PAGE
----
Nonetheless my recent visit to my homeland presented a bleak scenario in which the tolerant expression of Islam is gradually being replaced by the intolerant,and distorted form of Islam exported by the rich saudi wahabi groups.Interstingly,more often these radical brands of muslims enjoy the blessings of the mega multinational corporations or the super powers for their short term gains.The history of Bangladesh is a witness to this fact.

The U.S leadership,would do a service to its own nation and the humanity at large if it would encourage the moderate muslim leadership imbibed in the spirit of universal values of kindeness,equality,freedom ,and justice to emerge.

silverspring, maryland


Your last line in this report is perhaps most telling: about our dependence on Saudi oil. Why don't you do a program about our overconsumption of oil and how to reduce our dependence on Middle East oil?

Please don't forget to mention that oil production in the US peaked in 1970 and that oil production in every single oil producing state in the US is in decline including Alaska, Texas, Oklahoma, California etc.

If you receive funding from any automotive companies, I guess I know why this program will never be written nor produced--they make too much money--in the short term, getting Americans to buy the biggest most gas guzzling SUVs and continuing the short term insanity of overconsuming petroleum which is affordable now, but not forever.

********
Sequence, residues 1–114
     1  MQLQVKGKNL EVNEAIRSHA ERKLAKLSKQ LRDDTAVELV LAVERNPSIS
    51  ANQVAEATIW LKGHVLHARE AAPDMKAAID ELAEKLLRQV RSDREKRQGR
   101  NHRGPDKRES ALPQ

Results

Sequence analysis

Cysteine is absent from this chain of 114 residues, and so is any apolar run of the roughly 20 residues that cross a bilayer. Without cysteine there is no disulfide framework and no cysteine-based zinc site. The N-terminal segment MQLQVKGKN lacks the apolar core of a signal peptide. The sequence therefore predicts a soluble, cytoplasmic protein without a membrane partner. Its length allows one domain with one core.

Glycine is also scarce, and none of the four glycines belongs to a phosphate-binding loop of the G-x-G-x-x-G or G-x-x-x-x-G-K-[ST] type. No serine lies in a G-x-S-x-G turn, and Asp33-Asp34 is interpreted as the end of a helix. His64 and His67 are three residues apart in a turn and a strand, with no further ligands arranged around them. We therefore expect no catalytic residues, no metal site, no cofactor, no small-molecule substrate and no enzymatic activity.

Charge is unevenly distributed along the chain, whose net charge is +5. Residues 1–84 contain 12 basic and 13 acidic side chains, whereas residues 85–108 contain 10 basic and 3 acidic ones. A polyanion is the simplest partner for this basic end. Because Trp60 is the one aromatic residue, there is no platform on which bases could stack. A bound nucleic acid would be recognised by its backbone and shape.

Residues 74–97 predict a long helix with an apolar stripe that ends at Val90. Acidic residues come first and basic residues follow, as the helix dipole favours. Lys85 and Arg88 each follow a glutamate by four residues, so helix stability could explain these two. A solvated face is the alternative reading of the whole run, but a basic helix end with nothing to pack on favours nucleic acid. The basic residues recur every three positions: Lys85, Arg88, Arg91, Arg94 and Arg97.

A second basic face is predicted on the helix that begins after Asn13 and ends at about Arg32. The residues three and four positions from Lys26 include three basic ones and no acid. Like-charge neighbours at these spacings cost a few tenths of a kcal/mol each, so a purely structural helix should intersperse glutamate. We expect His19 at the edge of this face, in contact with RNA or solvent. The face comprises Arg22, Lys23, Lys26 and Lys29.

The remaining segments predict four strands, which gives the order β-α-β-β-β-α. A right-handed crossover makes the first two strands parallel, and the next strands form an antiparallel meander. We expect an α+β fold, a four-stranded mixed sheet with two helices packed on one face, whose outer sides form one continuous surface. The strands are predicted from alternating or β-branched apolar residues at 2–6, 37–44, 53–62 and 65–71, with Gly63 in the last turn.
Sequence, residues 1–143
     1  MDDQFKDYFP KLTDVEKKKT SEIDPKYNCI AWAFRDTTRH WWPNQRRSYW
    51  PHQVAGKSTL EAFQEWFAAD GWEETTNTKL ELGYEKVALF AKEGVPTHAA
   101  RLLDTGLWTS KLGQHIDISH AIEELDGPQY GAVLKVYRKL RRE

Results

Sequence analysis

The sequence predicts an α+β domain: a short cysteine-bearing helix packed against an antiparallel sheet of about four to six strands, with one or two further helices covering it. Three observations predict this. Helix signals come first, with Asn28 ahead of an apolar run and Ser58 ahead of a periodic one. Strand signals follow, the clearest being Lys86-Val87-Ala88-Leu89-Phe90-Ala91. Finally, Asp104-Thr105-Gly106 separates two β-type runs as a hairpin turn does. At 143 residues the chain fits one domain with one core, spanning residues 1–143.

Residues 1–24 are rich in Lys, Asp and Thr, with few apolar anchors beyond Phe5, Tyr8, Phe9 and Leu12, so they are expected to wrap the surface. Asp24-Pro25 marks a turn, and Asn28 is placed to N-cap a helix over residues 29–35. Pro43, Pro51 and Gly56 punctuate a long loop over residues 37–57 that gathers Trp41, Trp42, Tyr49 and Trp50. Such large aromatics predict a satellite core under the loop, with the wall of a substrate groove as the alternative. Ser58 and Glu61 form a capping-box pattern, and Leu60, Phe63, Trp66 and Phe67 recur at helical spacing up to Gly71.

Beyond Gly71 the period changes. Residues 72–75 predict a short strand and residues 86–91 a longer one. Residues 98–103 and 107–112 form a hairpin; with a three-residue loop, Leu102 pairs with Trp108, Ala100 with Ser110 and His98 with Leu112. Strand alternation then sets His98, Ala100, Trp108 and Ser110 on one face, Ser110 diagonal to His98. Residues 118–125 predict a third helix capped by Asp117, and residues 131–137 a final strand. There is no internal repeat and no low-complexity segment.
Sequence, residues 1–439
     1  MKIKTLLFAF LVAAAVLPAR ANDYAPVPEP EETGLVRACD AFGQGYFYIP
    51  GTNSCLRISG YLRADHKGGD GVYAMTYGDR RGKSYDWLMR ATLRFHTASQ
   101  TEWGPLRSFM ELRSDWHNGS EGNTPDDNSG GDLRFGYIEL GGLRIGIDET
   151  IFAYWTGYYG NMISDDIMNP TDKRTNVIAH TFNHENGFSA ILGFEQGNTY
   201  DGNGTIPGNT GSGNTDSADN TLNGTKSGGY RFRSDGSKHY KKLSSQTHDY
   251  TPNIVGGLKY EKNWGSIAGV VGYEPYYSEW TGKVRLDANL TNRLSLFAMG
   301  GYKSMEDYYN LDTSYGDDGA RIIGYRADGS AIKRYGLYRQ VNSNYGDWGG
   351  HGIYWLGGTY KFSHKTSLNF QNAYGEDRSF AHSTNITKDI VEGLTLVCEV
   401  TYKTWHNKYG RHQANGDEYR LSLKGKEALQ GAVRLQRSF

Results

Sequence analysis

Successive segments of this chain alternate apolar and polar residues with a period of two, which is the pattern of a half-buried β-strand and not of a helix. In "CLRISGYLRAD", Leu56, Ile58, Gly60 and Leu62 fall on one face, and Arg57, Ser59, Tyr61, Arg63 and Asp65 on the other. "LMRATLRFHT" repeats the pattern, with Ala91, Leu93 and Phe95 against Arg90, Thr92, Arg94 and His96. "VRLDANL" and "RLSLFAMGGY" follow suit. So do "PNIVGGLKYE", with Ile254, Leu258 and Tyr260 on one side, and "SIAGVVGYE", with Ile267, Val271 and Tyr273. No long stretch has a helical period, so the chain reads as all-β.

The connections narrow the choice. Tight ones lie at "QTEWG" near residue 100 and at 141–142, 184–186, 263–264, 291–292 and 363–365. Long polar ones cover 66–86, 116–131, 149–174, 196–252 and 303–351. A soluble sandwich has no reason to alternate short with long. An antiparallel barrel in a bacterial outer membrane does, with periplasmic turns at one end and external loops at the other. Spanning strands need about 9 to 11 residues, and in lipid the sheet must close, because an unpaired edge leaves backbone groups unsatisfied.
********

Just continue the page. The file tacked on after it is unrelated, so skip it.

In fact oil experts predict world oil production will peak in 2005-2020. When that happens it is likely to be the case that petroleum will cease to be cheap! Saudi Arabia with the largest oil reserves by far will become even wealthier!

alan root
san diego, ca


The relationship between Saudi Arabia and the United States has always been fraught with contradictions. ...Now, following the involvement of as many as fifteen Saudis in the September 11th attacks, we can no longer deny the reality that many Saudis regard the US as an enemy of Islam, and not a few of those actively support a violent jihad to get us out of their country, so they can overthrow their rulers.

Tape cassettes of talks by clerics urging such a jihad have been circulating illegally in Saudi Arabia for years. If this crisis comes to a head in Saudi, will the US come to the rescue of the Saudi Royal family, corrupt as that family is, or what exactly will it do? One of the most closely held secrets in US ruling circles has to do with contigency plans to occupy the oil fields of Saudi Arabia if the country does enter a period of instability. We will not allow 25% of the world's oil reserves to fall into the hands of extreme elements even if they are nationals of Arabia. I don't know this for a fact, but I'm willing to bet we have such contingency plans.